Being sensitive is a great gift, but it rarely starts that way. Usually I see boys and girls struggle with their deep feelings and quick reactivity. For example, Holly, age nine, was getting increasingly frustrated in her third grade classroom, which resulted in her throwing a chair across the classroom (Yikes!). The good news is no one was hurt, but the challenge is that most children’s emotional sensitivity starts as chaotic, undirected and emotionally disorganized. So what do we do? That’s the big question.

Sensitivity: Struggle to Strength

We help our sons and daughters slow down, and ultimately make better choices. My nine-year old client, Holly was pure emotion, intensity and reactivity—she wasn’t thinking when she threw the chair, which landed her in the principal’s office. But with some coaching, Holly’s learned how to make choices with her head and her heart, not just letting her feelings run the show. Of course, she represents one child of many that can turn their emotional sensitivity from a liability into an asset, but it takes time and specific steps such as:

  • Mindful Activities – Holly and many other highly sensitive children are considered intense with fast reactions, especially when they’re frustrated or angry. They may scream, slam doors, say things such as “I hate you” and do something regrettable whether it’s throwing a chair or saying mean words. But these same children when in a positive state can be sweethearts, so helping them slow down and make mindful choices is step one. For example, one mindful activity that can help young children begin to pay attention is to lay down and put a stuffed animal on their tummy. You can guide them to breathe deeply and watch the stuffed animal rise and fall with their breath.    
  • Mentoring – One of the fastest ways to help a highly sensitive child succeed is link him or her to a mentor, which is why I created my mentoring program (Skype and in-person). But whether you work with me or someone else, a sensitive child benefits immensely from having a mentor who is highly sensitive and has learned how to be both strong and soft, right and left brained, emotional and reasonable. For example, I recently mentored Sam, age ten, who was teased badly at school and felt defeated. One of the helpful things I did with Sam was to role play situations, which helped him feel stronger and more equipped to handle whatever came up.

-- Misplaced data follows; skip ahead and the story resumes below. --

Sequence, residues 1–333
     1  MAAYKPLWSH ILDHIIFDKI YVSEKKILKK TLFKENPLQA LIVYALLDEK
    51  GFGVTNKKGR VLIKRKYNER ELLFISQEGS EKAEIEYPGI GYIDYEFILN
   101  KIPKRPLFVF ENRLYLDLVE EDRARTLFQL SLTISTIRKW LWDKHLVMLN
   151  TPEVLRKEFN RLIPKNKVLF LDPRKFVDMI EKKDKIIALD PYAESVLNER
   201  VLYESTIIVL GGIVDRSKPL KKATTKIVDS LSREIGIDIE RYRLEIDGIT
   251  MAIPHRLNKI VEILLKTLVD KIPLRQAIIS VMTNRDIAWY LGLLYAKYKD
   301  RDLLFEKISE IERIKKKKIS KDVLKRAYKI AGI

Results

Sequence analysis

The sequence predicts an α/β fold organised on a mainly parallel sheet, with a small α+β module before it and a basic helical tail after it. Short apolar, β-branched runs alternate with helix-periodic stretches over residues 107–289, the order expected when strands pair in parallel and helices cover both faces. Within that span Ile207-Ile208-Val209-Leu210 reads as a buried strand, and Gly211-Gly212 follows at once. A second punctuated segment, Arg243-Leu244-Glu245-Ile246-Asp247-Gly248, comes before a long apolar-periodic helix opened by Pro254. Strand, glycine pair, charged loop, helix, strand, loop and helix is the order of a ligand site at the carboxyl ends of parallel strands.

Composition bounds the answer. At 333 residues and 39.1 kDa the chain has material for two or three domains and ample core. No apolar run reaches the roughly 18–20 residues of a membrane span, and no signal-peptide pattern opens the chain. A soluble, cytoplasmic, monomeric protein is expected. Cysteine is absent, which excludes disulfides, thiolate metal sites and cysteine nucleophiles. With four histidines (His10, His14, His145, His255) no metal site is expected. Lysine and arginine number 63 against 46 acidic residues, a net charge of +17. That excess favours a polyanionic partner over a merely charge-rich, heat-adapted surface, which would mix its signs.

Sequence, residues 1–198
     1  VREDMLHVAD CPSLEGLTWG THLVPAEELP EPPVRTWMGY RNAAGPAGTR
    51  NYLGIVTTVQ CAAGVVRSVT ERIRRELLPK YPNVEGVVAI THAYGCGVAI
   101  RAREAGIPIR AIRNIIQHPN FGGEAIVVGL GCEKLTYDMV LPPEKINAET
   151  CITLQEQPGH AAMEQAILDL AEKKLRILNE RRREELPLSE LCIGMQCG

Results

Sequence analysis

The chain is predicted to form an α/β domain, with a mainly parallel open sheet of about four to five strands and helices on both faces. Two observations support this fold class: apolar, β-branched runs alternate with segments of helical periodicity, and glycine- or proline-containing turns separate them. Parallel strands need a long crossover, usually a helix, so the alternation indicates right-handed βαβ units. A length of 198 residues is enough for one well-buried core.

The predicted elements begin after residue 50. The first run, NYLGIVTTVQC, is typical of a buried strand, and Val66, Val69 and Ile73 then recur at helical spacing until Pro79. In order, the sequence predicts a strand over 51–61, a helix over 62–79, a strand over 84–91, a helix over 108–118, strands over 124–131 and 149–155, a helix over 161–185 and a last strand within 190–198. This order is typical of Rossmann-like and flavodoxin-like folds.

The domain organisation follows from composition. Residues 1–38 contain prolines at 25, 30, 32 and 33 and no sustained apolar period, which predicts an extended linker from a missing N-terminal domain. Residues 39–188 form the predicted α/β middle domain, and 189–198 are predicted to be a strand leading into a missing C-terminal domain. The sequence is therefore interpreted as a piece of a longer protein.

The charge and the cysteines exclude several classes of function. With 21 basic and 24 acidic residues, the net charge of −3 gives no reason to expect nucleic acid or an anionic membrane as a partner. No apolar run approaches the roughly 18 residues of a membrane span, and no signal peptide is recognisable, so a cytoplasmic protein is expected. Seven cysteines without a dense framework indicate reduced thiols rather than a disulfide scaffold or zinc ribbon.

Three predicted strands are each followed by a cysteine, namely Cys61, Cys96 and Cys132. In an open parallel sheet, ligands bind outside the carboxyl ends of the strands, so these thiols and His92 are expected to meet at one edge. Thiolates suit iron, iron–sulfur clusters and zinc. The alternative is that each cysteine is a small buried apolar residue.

• Positive Peers – Children will not only imitate you, but they’ll also mimic their friends so it’s essential to make sure your son or daughter is surrounded by emotionally healthy children. For example, Peyton was in a pattern of playing with her neighbor who yelled constantly, which she picked up. Peyton’s parents liked the neighbor’s child, but realized that learning “bad” habits isn’t helpful so they focused on making playdates with some other children who displayed better coping skills, which their daughter needed to learn.

Sensitivity can be a strength

Helping your highly sensitive son or daughter transform his or her sensitivity into an asset is essential, especially in our sometimes not-so sensitive world. Some of the most effective ways to do that are through mindfulness, mentoring and being with emotionally healthy friends. What I know for sure is your son or daughter’s sensitivity was given to them as a gift, but it must be balanced with reason for it to become so.  

Maureen Healy is an award-winning author, popular speaker and mentor to highly sensitive children globally. Her book, Growing Happy Kids, guided parents to nurture a deeper sense of strength and happiness in their children. To learn more: growinghappykids.com or @mdhealy 

You are reading

Creative Development

The Problem With Sensitivity

3 steps to success with HSC (highly sensitive children)

Why Gratitude Matters

Are you raising deeply grateful children?

How Schools (Sometimes) Fail Our Children

Three opportunities are missed in many schools.